An expanded nine justice panel of the High Court of Justice ruled on Monday to recognize conversions by the Reform and Masorti (Conservative) movements in Israel for the purposes of citizenship, ending a 15-year legal saga.
Eight of the nine justices agreed with all aspects of the landmark ruling, while Justice Noam Sohlberg preferred to delay applying it for 12 months from the swearing in of a new government.
The decision set off a firestorm of criticism from Orthodox political parties who vowed to pass legislation to overturn the ruling and threatened not to enter any coalition without promises to do so, while Prime Minister Benjamin Netanyahu’s Likud Party also denounced the ruling.
Reform and Masorti leaders as well as liberal and left-wing political parties lauded the decision however calling it a victory for democracy and a blow against the Orthodox religious establishment.
Monday night’s decision was fifteen years in the making, after the Reform and Masorti movements filed a petition to the High Court in 2005 demanding that citizenship be granted to several non-Israeli nationals who converted through their conversion systems in Israel.
In 1988, the High Court ruled that non-Orthodox conversions performed outside of Israel must be recognized for the purposes of aliyah and citizenship, but did not extend that recognition to non-Orthodox conversions performed in Israeli itself.
According to the Reform and Masorti movements, they perform only 30 to 40 such conversions every year, approximately ten percent of all non-Orthodox conversions annually.
Trying to pre-emptively defray criticism, the High Court said in its ruling Monday night that it had no religious implications and only dealt with the secular-law questions of the right to obtain citizenship.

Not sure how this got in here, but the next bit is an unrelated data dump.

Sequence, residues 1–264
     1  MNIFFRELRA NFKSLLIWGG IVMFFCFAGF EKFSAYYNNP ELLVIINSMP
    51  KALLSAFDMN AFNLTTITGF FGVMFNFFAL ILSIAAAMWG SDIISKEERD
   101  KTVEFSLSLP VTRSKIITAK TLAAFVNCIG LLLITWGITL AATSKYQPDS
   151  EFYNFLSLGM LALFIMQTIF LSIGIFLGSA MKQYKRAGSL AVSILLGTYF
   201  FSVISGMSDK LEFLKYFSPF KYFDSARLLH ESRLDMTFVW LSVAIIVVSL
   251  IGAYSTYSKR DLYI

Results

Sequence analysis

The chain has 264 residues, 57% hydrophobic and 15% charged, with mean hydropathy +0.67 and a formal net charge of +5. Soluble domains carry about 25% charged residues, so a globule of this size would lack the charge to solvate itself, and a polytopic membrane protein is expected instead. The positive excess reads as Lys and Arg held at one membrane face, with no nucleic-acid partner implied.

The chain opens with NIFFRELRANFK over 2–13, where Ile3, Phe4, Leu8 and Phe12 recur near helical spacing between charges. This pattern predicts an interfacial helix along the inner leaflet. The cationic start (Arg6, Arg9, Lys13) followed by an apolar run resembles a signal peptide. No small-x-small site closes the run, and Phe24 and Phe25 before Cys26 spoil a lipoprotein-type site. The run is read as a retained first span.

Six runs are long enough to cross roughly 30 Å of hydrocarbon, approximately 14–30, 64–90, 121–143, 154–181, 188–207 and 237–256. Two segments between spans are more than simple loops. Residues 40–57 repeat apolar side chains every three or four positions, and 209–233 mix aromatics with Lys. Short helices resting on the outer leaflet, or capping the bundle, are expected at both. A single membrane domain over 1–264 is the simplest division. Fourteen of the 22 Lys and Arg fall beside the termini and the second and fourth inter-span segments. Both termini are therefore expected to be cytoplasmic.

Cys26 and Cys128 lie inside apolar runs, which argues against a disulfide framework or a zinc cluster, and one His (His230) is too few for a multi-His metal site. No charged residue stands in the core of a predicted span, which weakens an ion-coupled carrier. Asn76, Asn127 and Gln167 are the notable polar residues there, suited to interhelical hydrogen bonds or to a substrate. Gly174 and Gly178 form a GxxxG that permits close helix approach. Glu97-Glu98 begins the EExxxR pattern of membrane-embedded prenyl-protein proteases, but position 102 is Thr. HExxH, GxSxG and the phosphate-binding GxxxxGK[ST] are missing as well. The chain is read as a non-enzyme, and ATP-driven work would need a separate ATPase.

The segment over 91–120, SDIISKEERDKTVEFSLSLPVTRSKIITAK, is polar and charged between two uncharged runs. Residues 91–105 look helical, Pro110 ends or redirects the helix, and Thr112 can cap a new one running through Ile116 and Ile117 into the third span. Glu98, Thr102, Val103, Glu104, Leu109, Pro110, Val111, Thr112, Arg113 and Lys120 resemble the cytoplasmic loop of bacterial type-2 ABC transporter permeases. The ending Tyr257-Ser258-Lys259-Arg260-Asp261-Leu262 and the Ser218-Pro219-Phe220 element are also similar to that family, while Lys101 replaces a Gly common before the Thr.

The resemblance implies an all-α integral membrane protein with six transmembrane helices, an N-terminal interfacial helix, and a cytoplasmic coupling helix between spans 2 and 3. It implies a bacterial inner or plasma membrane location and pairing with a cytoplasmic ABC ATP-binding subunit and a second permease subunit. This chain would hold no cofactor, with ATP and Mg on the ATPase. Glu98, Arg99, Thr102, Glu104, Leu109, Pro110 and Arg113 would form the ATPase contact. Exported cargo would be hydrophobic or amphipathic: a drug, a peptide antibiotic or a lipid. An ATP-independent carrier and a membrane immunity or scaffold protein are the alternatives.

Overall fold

Further, the justices specifically noted the 15-years in which the Knesset had not acted to resolve the issue as a clear sign that further patience would not help and that, however grudgingly, the judicial branch had to step in to resolve the dispute.
The justices wrote that the non-Orthodox movements have well established communities with a Jewish identity in Israel, maintain communal Jewish institutions, conduct conversions in an organized manner, and are part of broader non-Orthodox denominations around the world.
The justices noted that the Knesset extended the Law of Return and Israeli citizenship to converts back in 1970, but had failed since then to define exactly what conversion means and who can perform it.
As long as the legislature has not determined otherwise, those who convert in Reform and Conservative communities in Israel should be recognized as Jews for the purpose of the Law of Return, wrote the justices.
Taking a shot at the political class, the justices also said that their ruling only applied as long as the Knesset did not pass a law explicitly denying the Jewishness of non-Orthodox converts, which the Haredi parties in the Knesset have now promised to do.
The High Court also noted the extremely lengthy period of time since the petition was first filed and the numerous requests by the state to delay a ruling while it seeks to find a legislative solution.
It said, therefore, that there was no reason to further delay a ruling.
Coming three weeks before elections, has now sparked a huge conflagration between Israel’s political parties and the fallout will have ramifications for Israel’s relationship with Diaspora Jewry, in particular the predominantly non-Orthodox US Jewish community.
Netanyahu’s Likud party issued a statement saying that the decision “endangers the Law of Return, and by extension Israel’s foundation “as a Jewish and democratic state.”
Shas leader and Interior Minister Arye Deri called the decision “wrong,” said it would cause “A severe rift among the Jewish people,” and vowed to “amend the law so that only conversion according to Jewish law will be recognized in the State of Israel.”
The heads of United Torah Judaism MK Moshe Gafni and Housing and Construction Minister Ya'acov Litzman made similar promises.
“The decision of the High Court to recognize for the first time Reform and Conservative conversions performed in Israel is disastrous for the meaning of the term Jewish state,” they stated.